3. Diabetes fact. (2011) Available at: http://www.worlddiabetesfoundation.org/composite-35.htm
  4. Diabetes (2011), Available at: http://www.who.int/mediacentre/factsheets/fs312/en/
  5. Diabetic Nephropathy 2003. Available at: http://www.datamonitor.com/Products/Free/Brief/BFHC0625/010BFHC0625.pdf
  6. Express news report, India has largest number of diabetes patients: Report (2009) http://www.indianexpress.com/news/india-has-largest-number-of-diabetes-patient/531240/
  7. Diabetes in the UK 2004, www.diabetes.org.uk/Documents/Reports/in_the_UK_2004.doc
  8. Guillausseau, (2011) Type 2 diabetes and cardiovascular risk: kidney function is pivota. Available at: http://www.diafocus.com/2011/01/11/type-2-diabetes-and-cardiovascular-risk-kidney-function-is-pivotal/
  9. Peppa M, Uribarri J, Vlassara H, 2003, Glucose, Advanced Glycation End Products, and Diabetes Complications: What is New and What Works. Available at: http://clinical.diabetesjournals.org/content/21/4/186.full
  10. Stratton IM, (2009) Association of glycaemia with macrovascular and microvascular complications of type 2 diabetes (UKPDS 35): Prospective observational study Available at: http://articulos.sld.cu/medicinainterna/files/2009/10/association-of-glycaemia-with-macrovascular-and-microvascular.pdf
  11. Scottish Diabetes Framework. (2002) Available at: http://www.scotland.gov.uk/Publications/2002/04/14452/1986
  12. Scottish Diabetes Survey 2003, Available at: http://www.scotland.gov.uk/Publications/2004/10/20023/44203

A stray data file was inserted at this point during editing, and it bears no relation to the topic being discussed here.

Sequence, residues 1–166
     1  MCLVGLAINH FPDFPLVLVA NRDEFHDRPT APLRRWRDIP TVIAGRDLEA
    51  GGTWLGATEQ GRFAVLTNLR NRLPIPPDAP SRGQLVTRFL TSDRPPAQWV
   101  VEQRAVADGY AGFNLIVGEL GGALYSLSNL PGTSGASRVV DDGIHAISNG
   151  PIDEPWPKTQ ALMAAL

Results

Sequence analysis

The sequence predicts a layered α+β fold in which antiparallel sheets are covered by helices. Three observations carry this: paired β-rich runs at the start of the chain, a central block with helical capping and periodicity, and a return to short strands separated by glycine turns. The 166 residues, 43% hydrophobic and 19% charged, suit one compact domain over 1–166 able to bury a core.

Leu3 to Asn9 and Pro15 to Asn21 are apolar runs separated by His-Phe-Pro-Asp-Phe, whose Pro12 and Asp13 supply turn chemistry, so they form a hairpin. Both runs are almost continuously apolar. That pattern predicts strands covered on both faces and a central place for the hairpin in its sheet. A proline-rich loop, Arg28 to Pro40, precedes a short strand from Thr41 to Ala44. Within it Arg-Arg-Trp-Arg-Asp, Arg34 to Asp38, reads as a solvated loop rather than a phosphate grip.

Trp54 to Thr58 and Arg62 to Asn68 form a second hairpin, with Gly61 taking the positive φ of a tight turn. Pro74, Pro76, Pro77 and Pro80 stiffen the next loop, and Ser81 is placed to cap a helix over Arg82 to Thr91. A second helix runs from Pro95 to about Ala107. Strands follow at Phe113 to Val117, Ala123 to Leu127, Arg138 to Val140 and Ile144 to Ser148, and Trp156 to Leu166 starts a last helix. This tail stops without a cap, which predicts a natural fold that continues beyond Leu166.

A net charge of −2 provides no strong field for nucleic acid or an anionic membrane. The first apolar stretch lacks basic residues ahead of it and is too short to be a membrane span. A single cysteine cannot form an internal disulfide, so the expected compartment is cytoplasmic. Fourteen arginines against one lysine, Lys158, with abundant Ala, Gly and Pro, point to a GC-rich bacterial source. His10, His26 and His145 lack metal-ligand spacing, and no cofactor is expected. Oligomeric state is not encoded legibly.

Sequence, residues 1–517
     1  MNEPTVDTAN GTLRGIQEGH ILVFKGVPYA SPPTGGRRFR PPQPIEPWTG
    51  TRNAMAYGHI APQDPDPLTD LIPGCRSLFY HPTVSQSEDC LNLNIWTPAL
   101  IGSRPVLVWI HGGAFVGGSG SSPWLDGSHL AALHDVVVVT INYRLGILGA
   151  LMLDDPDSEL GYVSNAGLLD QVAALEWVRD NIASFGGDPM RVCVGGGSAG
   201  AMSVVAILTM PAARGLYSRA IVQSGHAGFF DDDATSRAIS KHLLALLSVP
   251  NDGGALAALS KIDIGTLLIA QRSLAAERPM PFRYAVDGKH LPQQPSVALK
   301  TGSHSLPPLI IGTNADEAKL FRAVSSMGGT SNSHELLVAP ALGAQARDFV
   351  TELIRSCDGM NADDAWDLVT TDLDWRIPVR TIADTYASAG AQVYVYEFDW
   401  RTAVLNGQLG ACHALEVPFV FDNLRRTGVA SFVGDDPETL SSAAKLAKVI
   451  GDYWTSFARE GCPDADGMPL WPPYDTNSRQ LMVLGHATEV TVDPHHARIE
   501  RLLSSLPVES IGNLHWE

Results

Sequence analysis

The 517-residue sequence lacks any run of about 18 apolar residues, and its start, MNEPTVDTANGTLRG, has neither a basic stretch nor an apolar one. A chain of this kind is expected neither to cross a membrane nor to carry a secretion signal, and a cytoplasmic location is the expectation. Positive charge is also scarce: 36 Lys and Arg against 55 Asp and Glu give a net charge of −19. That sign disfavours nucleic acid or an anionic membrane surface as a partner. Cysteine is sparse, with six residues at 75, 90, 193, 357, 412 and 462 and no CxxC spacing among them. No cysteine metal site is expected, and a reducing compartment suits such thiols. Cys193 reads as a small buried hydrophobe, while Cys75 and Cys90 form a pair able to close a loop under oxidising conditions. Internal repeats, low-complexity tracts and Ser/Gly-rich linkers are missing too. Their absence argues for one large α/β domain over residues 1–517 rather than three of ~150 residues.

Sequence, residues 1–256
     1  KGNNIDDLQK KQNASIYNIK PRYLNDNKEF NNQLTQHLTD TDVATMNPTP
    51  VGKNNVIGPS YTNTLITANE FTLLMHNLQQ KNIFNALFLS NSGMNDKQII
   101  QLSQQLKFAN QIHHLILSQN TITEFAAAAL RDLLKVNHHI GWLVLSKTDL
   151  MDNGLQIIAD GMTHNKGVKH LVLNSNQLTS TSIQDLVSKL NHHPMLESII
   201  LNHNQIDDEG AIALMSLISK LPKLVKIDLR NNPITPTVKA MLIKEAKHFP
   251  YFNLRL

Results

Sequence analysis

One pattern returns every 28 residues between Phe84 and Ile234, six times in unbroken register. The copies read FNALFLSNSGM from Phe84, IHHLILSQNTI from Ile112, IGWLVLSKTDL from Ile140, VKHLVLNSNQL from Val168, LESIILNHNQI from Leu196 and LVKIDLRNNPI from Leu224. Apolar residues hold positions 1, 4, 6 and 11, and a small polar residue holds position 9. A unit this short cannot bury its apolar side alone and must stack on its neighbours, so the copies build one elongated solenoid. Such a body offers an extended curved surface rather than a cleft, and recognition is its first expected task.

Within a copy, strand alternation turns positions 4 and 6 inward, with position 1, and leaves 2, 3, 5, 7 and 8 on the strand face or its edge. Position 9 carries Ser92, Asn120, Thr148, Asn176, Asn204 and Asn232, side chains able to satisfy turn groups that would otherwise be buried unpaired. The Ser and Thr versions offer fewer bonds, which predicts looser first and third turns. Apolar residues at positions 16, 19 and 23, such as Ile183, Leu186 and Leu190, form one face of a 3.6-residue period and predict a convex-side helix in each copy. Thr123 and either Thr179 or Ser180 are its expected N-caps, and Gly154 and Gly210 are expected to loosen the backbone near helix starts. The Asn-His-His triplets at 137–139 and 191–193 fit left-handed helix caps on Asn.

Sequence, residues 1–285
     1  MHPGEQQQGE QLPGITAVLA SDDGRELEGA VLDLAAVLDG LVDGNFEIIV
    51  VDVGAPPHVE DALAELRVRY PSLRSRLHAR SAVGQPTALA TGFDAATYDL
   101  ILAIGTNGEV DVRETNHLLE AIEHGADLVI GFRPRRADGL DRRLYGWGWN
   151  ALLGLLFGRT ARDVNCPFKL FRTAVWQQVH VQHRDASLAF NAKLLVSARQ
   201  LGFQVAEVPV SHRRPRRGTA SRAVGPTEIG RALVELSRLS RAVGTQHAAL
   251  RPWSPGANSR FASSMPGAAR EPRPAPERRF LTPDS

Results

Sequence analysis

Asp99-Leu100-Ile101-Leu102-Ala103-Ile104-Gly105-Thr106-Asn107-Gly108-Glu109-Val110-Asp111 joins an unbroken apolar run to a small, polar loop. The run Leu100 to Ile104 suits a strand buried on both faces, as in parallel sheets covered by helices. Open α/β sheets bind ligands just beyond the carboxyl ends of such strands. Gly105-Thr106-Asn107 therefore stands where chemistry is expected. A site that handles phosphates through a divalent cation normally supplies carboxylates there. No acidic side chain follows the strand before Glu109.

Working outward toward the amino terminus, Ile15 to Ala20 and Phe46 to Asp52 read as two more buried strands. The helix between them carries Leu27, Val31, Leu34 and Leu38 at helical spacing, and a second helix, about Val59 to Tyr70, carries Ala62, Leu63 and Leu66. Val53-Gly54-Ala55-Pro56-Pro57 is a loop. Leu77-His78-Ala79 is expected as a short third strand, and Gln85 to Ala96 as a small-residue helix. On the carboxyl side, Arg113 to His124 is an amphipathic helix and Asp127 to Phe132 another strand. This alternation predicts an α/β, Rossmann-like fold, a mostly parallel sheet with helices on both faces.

13. Singh NP, Singh D, 2003, Diabetes Mellitus – An Overview For Family Physicians. Available at: http://delhimedicalcouncil.nic.in/diabetes-mellitus.html
  14. Sign 116, Available at: http://www.sign.ac.uk/pdf/sign116.pdf
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  16. Takaqi Y, Kashiwaqi A, Tanaka Y, Asahina T, Kikkawa R, Shigeta Y, 1995, Significance of fructose-induced protein oxidation and formation of advanced glycation end product. Available at: http://www.ncbi.nlm.nih.gov/pubmed/7599353
  17. Viswanathan V, (1999) Type 2 diabetes and diabetic nephropathy in India—magnitude of the problem. Available at: http://ndt.oxfordjournals.org/content/14/12/2805.full
  18. WILD S et al, (2004) Global Prevalence of Diabetes. Available at: http://www.who.int/diabetes/facts/en/diabcare0504.pdf
  19. WDD06 – Karachi, (2006). Diabetes kills without distinction. Available at: http://www.idf.org/wdd06-karachi

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Oxidative Stress and Diabetic Nephropathy. (2019, Apr 06). Retrieved from https://phdessay.com/oxidative-stress-and-diabetic-nephropathy/